Daily Shower Spray

For the reasons mentioned above (chemical “stripping”), you want to make sure that the cleaners you use in your shower are non-toxic so that you’re not inhaling crazy fumes while taking a hot shower.

I do find that using a daily shower spray cuts down on mold in the bathroom, which is especially a problem when you don’t have good fans or vents in your bathroom. It also cuts down on the time you have to spend scrubbing, which I appreciate.

I’ve used simple half and half vinegar and water in the past to good effect, but I don’t like the strong vinegar smell right after, so I’m using this instead:

  • 1/3 C. rubbing alcohol
  • 3 1/2 C. water
  • 10-15 drops of tea tree oil (tea tree has natural antifungal properties, but you can use another essential oil if you’d like)

Combine all in a spray bottle and shake to combine. Spray all over shower walls and shower curtain or door each day to prevent mold.

Tub Cleaner

I’ve always been a huge fan of Bon Ami, which has no ingredients that raise health concerns, according to GoodGuide. However, I’ve since found baking soda and castille soap to be a cheaper alternative that keep me from having to have more specific cleaners around. I purchased a glass cheese shaker at the dollar store and simply filled it with baking soda. Baking soda alone is wonderfully abrasive, but mild and non-toxic at the same time.

I like to wet down the tub, sprinkle baking soda all over the bottom and sides of the tubs and then squirt a few drops of Dr. Bronner’s in. Mix it all into a paste with your scrub brush, and scrub the whole surface of the tub. This gets the job done as well as, if not better, than anything I’ve ever used and if you use the essential oil scented Dr. Bronner’s it leaves a nice scent in the bathroom. I like the Peppermint best for cleaning.

Toilet Bowl Cleaner

Similarly to the tub cleaner above, simply add baking soda and a bit of castille soap to your toilet and scrub away. Works great.

Mason Jar Soap Dispenser, Courtesy of Tess Shebaylo, CC BY-NC-ND 2.0.

Mason Jar Soap Dispenser, Courtesy of Tess Shebaylo, CC BY-NC-ND 2.0.

Hand Wash

I’ve talked before about all the reasons why we should really reconsider using antibacterial soap containing nasty stuff like triclosan. I used to just put plain Dr. Bronner’s cut with a bit of water in my soap dispenser in the bathroom, but I found it dried my hands out in the winter, so I modified the following recipe:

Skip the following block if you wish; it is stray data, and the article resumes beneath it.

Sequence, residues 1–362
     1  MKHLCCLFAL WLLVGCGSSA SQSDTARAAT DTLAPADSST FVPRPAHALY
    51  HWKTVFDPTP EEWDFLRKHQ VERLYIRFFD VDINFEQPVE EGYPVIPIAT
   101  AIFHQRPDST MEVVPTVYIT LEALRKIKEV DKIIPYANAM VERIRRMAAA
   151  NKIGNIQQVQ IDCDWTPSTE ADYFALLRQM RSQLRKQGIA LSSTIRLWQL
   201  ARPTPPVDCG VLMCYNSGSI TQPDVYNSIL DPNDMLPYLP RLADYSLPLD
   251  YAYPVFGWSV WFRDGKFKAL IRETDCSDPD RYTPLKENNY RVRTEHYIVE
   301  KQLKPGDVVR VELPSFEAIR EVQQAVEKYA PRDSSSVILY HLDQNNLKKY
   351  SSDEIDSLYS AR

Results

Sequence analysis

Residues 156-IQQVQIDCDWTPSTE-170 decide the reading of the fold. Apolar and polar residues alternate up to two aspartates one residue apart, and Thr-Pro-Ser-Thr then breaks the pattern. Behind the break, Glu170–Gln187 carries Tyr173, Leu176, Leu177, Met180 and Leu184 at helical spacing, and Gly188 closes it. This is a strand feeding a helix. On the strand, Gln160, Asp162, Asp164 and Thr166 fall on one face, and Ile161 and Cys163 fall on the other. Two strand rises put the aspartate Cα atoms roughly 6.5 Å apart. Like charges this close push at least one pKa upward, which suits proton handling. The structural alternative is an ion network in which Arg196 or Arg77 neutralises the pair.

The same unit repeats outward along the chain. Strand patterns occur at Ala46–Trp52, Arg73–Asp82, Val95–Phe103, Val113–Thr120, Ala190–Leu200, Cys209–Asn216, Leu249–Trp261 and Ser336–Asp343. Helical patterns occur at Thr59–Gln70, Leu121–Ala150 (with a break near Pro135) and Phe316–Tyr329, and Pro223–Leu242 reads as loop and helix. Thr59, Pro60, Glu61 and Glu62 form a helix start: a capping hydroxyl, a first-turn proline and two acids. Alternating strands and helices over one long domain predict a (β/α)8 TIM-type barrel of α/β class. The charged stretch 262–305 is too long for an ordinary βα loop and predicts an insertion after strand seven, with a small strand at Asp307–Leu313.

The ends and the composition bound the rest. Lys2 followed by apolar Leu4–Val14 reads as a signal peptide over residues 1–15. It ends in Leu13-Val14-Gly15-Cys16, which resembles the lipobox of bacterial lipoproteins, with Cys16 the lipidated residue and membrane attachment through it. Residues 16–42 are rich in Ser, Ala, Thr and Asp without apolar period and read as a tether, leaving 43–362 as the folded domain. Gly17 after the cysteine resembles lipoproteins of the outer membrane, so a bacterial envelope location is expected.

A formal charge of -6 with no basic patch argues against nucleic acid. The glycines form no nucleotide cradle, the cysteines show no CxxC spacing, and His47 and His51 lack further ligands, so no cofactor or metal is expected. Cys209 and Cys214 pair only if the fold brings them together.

modified from Fancy Foaming Handwash on Healthy Vegan Blog

  • 1 C. water
  • 2-4 Tb. liquid castile soap (I use Dr. Bronner’s Peppermint or Almond, but you can use unscented)
  • 1 tsp. pure vegetable glycerine
  • 1 tsp. jojoba, almond, or apricot oil
  • a few drops of essential oil (my favorite is grapefruit), if desired

Combine all ingredients in a soap dispenser and shake gently. If you put this in a foaming soap dispenser, it will actually foam if you like that sort of thing–it is quite thin, so you might want to try this, but I don’t mind using it in my regular soap dispenser. You can make your own soap dispenser pretty easily out of a Mason jar, or buy them on Etsy. With this recipe, I shake it up every once in a while to keep it mixed up.

Miracle Stain Remover

from One Good Thing by Jillee

  • 1 part castille soap
  • 2 parts hydrogen peroxide
  • baking soda (optional)
  • laundry brush

Mix the soap and hydrogen peroxide in a bowl and use a spoon to pour it directly on stain. You may use the laundry brush and sprinkle some baking soda on the stain and scrub gently with brush if the stains are particularly stubborn. Let sit and then launder as usual.

This stuff really is miraculous. I cut myself and bled on one of my favorite white button-downs–a stain that simply wouldn’t come out. This fixed it! And it also fixed sweat stains on some white t-shirts. I will be pulling this out again and again.

I haven’t switched over to homemade dishwasher detergent, dish washing soap, or laundry soap yet, but there are a lot of recipes out there! In the meantime, I use Ecover products and Trader Joe’s options that get good scores on the GoodGuide. Chime in and let me know if you have any products that you love.

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2 thoughts on “Natural Cleaning Recipes

  1. You’re amazing….you know what’s interesting, it’s impossible to find eco-laundry detergent in der Schweiz. Perhaps I will be inspired and try one of these out!